Notice Paper for the current day and Journals of the Senate for the previous day available prior to sittings; accurate statistical and other documentation produced to meet the required timeframes.
The Journals of the Senate and the Notice Paper were available as required.
The Dynamic Red was updated in a timely manner during each sitting day and the Senate Daily Summary was published promptly after each sitting day. Estimates at a Glance was published promptly the day following each hearing. Requests for statistics were responded to promptly and met required timeframes.
Statistical summaries were produced after each sitting week and comprehensive statistics were published on the Senate website after each sitting period.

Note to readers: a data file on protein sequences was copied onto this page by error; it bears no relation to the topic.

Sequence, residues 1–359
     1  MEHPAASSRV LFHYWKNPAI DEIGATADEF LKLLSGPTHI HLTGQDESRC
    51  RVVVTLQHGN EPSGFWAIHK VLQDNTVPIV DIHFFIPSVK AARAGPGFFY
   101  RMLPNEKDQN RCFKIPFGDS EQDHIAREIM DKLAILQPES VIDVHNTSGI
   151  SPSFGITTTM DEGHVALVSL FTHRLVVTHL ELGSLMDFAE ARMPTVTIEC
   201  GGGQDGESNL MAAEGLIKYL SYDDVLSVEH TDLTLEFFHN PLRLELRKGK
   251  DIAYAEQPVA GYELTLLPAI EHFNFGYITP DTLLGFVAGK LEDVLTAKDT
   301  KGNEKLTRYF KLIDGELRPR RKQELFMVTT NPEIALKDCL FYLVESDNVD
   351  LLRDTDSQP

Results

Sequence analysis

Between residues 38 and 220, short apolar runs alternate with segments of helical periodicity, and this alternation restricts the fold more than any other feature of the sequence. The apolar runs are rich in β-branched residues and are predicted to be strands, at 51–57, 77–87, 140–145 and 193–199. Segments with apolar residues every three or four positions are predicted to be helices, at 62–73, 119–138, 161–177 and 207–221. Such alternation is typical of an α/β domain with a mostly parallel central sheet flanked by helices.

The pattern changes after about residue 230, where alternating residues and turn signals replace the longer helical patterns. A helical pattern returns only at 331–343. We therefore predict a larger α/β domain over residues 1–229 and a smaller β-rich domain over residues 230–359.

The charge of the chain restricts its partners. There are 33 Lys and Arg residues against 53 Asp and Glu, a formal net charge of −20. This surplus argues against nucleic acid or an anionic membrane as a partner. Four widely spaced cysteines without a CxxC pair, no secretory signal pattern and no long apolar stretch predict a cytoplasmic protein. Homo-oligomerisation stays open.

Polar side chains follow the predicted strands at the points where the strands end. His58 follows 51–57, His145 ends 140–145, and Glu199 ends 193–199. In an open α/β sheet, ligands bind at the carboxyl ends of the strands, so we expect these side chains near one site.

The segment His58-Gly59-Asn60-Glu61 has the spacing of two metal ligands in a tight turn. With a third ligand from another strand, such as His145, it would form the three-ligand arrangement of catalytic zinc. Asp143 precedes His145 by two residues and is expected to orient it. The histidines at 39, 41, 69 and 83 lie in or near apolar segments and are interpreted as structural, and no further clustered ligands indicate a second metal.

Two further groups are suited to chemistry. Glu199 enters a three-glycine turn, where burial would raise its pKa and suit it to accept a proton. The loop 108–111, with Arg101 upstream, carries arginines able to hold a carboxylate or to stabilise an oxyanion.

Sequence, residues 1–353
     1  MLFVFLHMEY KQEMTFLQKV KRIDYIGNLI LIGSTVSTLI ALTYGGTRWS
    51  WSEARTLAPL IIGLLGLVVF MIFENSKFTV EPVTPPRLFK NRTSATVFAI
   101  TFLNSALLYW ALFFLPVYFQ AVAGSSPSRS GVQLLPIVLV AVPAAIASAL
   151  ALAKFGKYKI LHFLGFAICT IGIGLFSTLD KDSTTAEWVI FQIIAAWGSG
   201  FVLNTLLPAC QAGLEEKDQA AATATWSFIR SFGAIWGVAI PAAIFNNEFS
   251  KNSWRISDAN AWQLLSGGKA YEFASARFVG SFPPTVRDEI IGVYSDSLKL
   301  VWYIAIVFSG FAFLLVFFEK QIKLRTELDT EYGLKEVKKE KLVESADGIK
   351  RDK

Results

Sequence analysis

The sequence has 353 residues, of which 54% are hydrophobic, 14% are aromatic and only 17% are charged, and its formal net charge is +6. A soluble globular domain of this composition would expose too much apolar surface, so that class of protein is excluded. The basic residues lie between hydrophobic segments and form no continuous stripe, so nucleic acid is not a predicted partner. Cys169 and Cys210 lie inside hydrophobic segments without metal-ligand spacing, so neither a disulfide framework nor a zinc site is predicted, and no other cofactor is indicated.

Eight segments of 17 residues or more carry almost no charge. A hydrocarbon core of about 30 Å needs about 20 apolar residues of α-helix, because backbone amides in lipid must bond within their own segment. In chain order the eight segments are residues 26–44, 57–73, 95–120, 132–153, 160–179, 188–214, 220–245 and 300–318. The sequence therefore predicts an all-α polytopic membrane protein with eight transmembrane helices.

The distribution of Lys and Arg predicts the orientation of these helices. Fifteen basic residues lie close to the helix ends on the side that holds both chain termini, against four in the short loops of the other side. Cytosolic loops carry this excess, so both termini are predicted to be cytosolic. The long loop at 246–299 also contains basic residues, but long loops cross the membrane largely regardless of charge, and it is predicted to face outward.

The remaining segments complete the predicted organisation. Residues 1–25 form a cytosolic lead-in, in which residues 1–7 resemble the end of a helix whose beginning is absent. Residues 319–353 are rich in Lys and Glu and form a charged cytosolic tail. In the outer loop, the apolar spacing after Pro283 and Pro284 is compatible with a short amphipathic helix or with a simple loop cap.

Business of the Senate and Questions on Notice Summary were tabled biannually, in accordance with required timeframes.
The Senate record is accurately and safely stored; and all inquiries answered and documents distributed on a timely basis.
All documents were accurately recorded and safely stored and documents were distributed in a timely manner.
Meetings held, documentation provided and reports produced within timeframes set by the Senate or the committee, as relevant.
Committee meetings were held, and documents and reports were provided, within agreed timeframes.
The Table Office is led by the Clerk Assistant (Table) and has three functional areas, as shown in figure 5. The Clerk Assistant (Table) also performs duties as a clerk at the table in the Senate chamber and as a committee secretary, and is a member of the department’s executive responsible for a range of governance matters. The two directors also perform duties as clerks at the table.